"What, then, is a frame, and what is frame work?
This question is deceptive in its simplicity. A frame is, of course, 'a basic skeletal structure designed to give shape or support' (American Heritage Dictionary)…. when the frame is in question, it is difficult to determine what is inside and what is outside. Rather than being on one side or the other, the frame is neither inside nor outside. Where, then, Derrida queries, 'does the frame take place….'"
* P. 61:
"… the frame forms the suture of structure. A suture is 'a seamless [sic**] joint or line of articulation,' which, while joining two surfaces, leaves the trace of their separation."
** A dictionary says "a seamlike joint or line of articulation," with no mention of "trace," a term from Derrida's jargon.

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Friday, December 12, 2008
On the Symmetric Group S_{8}
Wikipedia on Rubik's 2×2×2 "Pocket Cube"–
"Any permutation of the 8 corner cubies is possible (8! positions)."
Some pages related to this claim–
Simple Groups at Play
Analyzing Rubik's Cube with GAP
Online JavaScript Pocket Cube.
The claim is of course trivially true for the unconnected subcubes of Froebel's Third Gift:
© 2005 The Institute for Figuring
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Sunday, December 7, 2008
Space and
the Soul
On a book by Margaret Wertheim:
“She traces the history of space beginning with the cosmology of Dante. Her journey continues through the historical foundations of celestial space, relativistic space, hyperspace, and, finally, cyberspace.” –Joe J. Accardi, Northeastern Illinois Univ. Lib., Chicago, in Library Journal, 1999 (quoted at Amazon.com)
There are also other sorts of space.
© 2005 The Institute for Figuring
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Sunday, November 16, 2008
Art and Lies
Observations suggested by an article on author Lewis Hyde– “What is Art For?“– in today’s New York Times Magazine:
Margaret Atwood (pdf) on Lewis Hyde’s
Trickster Makes This World: Mischief, Myth, and Art —
“Trickster,” says Hyde, “feels no anxiety when he deceives…. He… can tell his lies with creative abandon, charm, playfulness, and by that affirm the pleasures of fabulation.” (71) As Hyde says, “… almost everything that can be said about psychopaths can also be said about tricksters,” (158), although the reverse is not the case. “Trickster is among other things the gatekeeper who opens the door into the next world; those who mistake him for a psychopath never even know such a door exists.” (159)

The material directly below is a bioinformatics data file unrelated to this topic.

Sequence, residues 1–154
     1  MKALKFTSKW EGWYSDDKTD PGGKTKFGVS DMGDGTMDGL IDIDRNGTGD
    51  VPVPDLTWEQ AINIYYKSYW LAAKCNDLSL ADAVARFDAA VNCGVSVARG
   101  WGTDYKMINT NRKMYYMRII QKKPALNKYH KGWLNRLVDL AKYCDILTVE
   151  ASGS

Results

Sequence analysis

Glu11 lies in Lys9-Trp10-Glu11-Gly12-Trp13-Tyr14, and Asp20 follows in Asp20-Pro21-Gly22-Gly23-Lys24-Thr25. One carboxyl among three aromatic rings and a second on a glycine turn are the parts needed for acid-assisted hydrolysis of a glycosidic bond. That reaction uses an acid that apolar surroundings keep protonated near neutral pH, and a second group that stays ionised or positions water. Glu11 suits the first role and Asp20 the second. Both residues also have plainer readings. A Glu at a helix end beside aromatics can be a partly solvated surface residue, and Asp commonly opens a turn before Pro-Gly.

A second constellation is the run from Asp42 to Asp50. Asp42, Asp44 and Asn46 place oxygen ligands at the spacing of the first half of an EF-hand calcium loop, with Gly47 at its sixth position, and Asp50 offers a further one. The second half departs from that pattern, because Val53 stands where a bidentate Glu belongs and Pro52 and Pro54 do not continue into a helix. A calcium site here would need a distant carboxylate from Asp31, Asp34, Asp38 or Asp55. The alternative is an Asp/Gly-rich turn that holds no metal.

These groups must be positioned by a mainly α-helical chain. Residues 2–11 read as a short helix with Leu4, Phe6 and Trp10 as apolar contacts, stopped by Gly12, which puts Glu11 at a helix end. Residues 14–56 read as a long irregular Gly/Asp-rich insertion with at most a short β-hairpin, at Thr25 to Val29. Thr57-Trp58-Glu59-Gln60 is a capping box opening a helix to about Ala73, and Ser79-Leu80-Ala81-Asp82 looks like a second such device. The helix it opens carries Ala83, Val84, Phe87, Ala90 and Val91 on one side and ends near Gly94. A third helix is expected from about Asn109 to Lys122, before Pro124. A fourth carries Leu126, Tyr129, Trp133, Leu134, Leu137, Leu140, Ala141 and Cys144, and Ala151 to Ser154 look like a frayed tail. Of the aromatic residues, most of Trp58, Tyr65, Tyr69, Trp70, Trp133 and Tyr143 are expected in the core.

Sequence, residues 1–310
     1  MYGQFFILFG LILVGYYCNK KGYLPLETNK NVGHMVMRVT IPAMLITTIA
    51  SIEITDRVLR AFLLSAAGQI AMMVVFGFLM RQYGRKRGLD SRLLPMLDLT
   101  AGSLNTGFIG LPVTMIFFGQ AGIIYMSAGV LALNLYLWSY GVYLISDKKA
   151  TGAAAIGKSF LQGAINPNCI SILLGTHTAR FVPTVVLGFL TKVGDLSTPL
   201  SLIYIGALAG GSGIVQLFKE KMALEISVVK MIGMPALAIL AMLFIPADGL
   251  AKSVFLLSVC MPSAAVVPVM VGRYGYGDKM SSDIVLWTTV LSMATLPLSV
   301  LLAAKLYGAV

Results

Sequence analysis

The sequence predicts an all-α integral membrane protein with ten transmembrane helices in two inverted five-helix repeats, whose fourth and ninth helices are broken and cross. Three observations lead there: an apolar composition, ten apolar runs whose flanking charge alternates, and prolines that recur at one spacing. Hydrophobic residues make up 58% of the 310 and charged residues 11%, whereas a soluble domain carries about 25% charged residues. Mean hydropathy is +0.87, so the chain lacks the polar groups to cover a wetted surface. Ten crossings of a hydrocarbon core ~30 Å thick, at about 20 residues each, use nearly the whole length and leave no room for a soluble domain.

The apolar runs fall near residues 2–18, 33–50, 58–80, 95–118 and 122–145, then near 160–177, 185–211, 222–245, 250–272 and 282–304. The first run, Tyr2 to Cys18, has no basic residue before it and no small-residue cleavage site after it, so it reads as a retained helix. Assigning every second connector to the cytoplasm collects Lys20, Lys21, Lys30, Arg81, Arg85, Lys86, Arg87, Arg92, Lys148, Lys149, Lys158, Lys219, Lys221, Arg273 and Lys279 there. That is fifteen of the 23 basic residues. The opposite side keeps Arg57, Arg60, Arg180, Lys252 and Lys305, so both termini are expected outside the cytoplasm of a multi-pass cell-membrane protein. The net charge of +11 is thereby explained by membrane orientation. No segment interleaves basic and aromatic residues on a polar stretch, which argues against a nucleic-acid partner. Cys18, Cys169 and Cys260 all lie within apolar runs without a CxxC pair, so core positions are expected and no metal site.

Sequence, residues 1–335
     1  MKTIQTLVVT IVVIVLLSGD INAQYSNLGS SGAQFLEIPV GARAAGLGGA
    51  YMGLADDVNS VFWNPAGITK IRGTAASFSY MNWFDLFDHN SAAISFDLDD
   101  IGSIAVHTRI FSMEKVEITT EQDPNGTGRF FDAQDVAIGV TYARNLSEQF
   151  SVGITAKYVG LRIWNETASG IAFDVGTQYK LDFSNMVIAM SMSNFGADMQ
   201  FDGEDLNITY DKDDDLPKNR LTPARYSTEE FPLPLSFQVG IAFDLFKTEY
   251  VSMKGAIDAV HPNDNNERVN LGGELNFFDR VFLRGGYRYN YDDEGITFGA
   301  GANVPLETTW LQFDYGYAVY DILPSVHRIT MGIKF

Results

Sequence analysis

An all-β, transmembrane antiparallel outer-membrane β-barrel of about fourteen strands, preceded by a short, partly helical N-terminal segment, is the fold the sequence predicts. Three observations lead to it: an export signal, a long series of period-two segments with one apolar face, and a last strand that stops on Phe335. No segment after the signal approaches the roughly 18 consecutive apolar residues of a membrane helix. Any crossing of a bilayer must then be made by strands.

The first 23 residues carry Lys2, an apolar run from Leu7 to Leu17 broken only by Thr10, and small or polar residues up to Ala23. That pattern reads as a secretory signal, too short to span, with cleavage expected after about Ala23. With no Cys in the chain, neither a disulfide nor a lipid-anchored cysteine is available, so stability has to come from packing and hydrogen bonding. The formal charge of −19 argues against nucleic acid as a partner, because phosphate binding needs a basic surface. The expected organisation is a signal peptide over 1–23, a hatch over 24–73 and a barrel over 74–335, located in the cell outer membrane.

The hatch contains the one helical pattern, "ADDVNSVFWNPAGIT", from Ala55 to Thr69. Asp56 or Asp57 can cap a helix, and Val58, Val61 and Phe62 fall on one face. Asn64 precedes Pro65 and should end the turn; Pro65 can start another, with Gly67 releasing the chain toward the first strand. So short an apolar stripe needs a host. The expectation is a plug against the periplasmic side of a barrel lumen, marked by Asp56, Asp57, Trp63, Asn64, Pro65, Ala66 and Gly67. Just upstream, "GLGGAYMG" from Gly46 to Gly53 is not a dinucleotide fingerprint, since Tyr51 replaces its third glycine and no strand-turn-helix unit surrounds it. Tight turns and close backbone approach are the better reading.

What is “the next world”? It might be the Underworld….
The pleasures of fabulation, the charming and playful lie– this line of thought leads Hyde to the last link in his subtitle, the connection of the trickster to art. Hyde reminds us that the wall between the artist and that American favourite son, the conartist, can be a thin one indeed; that craft and crafty rub shoulders; and that the words artifice, artifact, articulation and art all come from the same ancient root, a word meaning to join, to fit, and to make. (254) If it’s a seamless whole you want, pray to Apollo, who sets the limits within which such a work can exist. Tricksters, however, stand where the door swings open on its hinges and the horizon expands: they operate where things are joined together, and thus can also come apart.
“What happened to that… cube?”
Apollinax laughed until his eyes teared. “I’ll give you a hint, my dear. Perhaps it slid off into a higher dimension.”
“Are you pulling my leg?”
“I wish I were,” he sighed. “The fourth dimension, as you know, is an extension along a fourth coordinate perpendicular to the three coordinates of threedimensional space. Now consider a cube. It has four main diagonals, each running from one corner through the cube’s center to the opposite corner. Because of the cube’s symmetry, each diagonal is clearly at right angles to the other three. So why shouldn’t a cube, if it feels like it, slide along a fourth coordinate?”
— “Mr. Apollinax Visits New York,” by Martin Gardner, Scientific American, May 1961, reprinted in The Night is Large 
Comments Off on Sunday November 16, 2008
Friday, October 24, 2008
“
The Cube Space” is a name given to
the eightfold cube in a vulgarized mathematics text,
Discrete Mathematics: Elementary and Beyond, by
Laszlo Lovasz et al., published by Springer in 2003. The identification in a natural way of the eight points of the linear 3space over the 2element field GF(2) with the eight vertices of a cube is an elementary and rather obvious construction, doubtless found in a number of discussions of discrete mathematics. But the lessobvious generation of